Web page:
“Seven hundred billion was a number out of the air,” Neel Kashkari recalls, wheeling toward the hex nuts and the bolts. “It was a political calculus. I said, ‘We don’t know how much is enough. We need as much as we can get [from Congress]. What about a trillion?’ ‘No way,’ Hank shook his head. I said, ‘Okay, what about 700 billion?’ We didn’t know if it would work. We had to project confidence, hold up the world. We couldn’t admit how scared we were, or how uncertain.”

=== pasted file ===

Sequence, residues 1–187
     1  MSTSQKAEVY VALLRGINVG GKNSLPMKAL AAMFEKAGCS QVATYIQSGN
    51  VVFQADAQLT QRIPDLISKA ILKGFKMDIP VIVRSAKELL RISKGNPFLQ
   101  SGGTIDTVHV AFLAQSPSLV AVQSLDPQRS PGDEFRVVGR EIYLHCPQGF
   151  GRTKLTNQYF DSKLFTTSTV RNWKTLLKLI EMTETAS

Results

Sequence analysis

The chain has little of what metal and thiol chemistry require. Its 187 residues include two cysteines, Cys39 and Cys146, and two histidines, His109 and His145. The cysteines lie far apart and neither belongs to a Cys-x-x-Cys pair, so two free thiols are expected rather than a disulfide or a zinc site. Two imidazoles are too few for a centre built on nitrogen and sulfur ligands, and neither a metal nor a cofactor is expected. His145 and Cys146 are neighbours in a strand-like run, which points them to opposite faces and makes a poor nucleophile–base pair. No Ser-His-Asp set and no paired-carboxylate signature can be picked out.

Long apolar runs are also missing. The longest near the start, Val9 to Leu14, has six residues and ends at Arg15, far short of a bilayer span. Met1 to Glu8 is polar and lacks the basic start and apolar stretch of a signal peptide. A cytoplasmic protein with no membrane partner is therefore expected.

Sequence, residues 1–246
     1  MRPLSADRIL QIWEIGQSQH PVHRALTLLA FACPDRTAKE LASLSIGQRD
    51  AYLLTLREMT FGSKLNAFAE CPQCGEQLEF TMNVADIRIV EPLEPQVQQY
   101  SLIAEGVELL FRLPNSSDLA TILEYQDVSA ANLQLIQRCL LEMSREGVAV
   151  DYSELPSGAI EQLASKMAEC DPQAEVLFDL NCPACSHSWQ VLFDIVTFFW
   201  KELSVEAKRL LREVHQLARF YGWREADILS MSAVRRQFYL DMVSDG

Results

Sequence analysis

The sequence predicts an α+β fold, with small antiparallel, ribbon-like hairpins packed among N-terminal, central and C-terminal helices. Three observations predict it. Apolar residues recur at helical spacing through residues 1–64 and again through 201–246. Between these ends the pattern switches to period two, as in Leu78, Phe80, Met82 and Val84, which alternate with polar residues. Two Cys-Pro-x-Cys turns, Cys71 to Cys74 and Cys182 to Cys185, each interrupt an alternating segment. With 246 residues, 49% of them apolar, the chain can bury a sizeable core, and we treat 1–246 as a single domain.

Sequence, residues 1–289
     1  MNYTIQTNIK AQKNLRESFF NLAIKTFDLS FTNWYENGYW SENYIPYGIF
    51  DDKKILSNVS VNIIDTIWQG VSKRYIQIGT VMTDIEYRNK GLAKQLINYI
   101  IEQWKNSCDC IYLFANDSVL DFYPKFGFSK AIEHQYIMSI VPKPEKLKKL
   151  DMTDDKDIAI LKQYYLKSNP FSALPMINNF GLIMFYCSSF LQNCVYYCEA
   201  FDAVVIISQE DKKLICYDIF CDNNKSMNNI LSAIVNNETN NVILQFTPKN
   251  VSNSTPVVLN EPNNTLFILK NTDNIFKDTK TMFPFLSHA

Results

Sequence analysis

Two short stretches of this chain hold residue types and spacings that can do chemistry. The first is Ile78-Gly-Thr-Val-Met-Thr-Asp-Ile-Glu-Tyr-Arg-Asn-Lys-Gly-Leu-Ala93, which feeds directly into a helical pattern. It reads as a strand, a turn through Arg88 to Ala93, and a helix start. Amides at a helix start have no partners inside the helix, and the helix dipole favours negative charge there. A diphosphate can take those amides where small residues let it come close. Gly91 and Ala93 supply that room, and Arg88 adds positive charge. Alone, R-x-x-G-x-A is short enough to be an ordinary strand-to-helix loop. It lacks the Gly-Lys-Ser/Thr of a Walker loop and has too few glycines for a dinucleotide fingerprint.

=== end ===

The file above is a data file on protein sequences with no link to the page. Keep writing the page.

“Don’t try to score a touchdown. Just — if Paulson throws the ball, catch it.”
In February 2008, that meant drafting an emergency plan in the unlikely event of an economic meltdown. Kashkari and a colleague wrote, “Break the Glass: Bank Recapitalization Plan.”
When the banks actually tanked later that year, the 10-page plan laid the basis for TARP. Amid the chaos, Kashkari was appointed czar.
[ unlikely event? actually tanked? ]
Thoughts tended toward the apocalyptic.